Friday 26 February 2016

Social Media

For the first time in history, we are able to sustain friendships, and engage in conversations with groups of people, all over the world. I have friends in countries I've never visited, on every continent. Some of them are people I met and subsequently connected with online when they moved away. Others are people I first met online, who have become good friends. All of this has become possible through the advent of social media. To begin with, these online contacts didn't seem like real people at all. The first time a Facebook friend of mine turned up at one of my book signings, it felt surreal meeting her in the physical world. Since then many of us have met in the real world, as readers often come along to my events, sometimes travelling long distances for a signed book and a chat. It's always a thrill meeting people who read my books.

The only problem with social media is that it's so addictive! I frequently pop over to Facebook to reply to comments on my latest post, or see who else has been posting. Twitter is another site I frequent, putting up a tweet or responding to other people's comments. I've connected with some interesting people there as well.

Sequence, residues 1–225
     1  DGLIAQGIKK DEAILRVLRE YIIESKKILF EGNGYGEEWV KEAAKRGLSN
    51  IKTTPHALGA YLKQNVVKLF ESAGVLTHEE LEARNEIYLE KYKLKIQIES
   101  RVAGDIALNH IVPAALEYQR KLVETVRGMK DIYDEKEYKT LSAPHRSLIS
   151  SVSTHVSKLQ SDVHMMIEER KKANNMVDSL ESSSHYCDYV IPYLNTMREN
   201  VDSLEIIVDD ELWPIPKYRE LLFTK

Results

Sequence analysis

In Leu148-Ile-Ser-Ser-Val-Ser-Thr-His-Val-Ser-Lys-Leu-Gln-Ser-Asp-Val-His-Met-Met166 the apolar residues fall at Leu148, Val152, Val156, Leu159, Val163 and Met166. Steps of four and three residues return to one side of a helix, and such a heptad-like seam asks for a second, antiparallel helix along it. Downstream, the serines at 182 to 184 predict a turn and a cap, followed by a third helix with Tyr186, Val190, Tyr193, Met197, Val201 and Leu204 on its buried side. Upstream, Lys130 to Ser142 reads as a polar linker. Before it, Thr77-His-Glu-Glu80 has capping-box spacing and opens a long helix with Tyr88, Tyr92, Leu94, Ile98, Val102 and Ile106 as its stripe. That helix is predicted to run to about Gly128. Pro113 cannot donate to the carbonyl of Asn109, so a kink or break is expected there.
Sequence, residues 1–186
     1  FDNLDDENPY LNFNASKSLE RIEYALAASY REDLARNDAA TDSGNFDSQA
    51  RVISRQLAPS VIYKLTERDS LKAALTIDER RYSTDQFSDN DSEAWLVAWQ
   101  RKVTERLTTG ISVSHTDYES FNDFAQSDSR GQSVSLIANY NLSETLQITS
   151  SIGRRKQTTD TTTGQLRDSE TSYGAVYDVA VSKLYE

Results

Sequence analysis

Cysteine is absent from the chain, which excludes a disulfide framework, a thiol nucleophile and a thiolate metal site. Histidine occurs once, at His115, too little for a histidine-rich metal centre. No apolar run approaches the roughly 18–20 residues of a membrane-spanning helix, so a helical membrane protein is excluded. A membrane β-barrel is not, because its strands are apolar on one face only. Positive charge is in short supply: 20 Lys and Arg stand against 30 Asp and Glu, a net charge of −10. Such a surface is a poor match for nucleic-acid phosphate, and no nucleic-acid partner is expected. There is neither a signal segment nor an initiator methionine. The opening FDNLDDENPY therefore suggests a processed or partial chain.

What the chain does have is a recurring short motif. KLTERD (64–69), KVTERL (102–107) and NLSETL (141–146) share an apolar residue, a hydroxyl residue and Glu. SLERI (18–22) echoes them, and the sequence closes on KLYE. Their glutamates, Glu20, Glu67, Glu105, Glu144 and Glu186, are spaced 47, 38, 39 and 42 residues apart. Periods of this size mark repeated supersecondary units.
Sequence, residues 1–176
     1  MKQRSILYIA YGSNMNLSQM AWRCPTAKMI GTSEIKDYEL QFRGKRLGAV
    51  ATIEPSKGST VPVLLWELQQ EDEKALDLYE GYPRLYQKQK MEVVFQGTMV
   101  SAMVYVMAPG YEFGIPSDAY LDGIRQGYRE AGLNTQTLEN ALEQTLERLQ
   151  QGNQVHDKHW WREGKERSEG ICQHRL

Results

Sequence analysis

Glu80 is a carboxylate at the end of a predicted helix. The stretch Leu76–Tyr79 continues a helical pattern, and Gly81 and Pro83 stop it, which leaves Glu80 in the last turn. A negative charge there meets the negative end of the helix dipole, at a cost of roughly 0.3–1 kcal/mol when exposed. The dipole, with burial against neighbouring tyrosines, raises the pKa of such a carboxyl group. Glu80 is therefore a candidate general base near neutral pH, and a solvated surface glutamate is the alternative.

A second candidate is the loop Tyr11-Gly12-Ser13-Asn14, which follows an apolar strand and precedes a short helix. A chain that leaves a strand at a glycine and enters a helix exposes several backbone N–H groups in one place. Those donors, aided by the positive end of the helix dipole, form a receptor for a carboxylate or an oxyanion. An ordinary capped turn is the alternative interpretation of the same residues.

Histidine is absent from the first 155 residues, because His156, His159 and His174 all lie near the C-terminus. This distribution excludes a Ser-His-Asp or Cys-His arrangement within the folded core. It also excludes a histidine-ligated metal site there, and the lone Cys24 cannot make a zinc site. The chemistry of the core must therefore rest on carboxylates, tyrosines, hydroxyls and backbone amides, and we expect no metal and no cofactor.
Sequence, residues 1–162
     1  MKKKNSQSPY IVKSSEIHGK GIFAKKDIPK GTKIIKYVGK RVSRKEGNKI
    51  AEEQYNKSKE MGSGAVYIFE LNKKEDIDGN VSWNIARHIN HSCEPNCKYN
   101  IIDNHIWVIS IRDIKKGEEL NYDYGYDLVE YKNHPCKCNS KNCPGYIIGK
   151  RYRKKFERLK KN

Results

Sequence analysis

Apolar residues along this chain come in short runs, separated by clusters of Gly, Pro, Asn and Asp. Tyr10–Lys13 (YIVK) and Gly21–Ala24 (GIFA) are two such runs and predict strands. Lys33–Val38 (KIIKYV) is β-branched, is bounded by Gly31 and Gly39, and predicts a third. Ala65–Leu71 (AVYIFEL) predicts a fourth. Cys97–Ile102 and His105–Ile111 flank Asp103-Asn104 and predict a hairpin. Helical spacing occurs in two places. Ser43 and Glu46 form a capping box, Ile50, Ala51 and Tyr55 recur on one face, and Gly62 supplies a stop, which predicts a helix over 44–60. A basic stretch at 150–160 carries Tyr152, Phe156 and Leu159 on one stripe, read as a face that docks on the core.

So we are living in interesting times, in terms of human relations. We have our family and friends in the real world. Next are our virtual friends, real people we connect with via the Internet. Finally, there are the fictitious characters we read and write about. Whether real, virtual or fictitious, any of them can become our friends, and any of them can confound our expectations. The characters I create often surprise me. As an author, you might think I would be able to control my characters well enough to avoid them catching me off guard. They may be unpredictable to a reader, but they should not surprise whoever created them. As other authors will confirm, this is not always the case. My characters sometimes deviate from the paths I map out for them. That can be frustrating, but it is also part of the fun of writing, making the process more organic and creative. Like real people, they can have minds of their own.

Leigh Russell is published in English, and in translation throughout Europe. Her Geraldine Steel and Ian Peterson titles have appeared on many bestseller lists, including #1 on kindle. Leigh's work has been nominated for several major awards, including the CWA New Blood Dagger and CWA Dagger in the Library, and her Geraldine Steel and Ian Peterson series are currently in development for television with Avalon Television Ltd.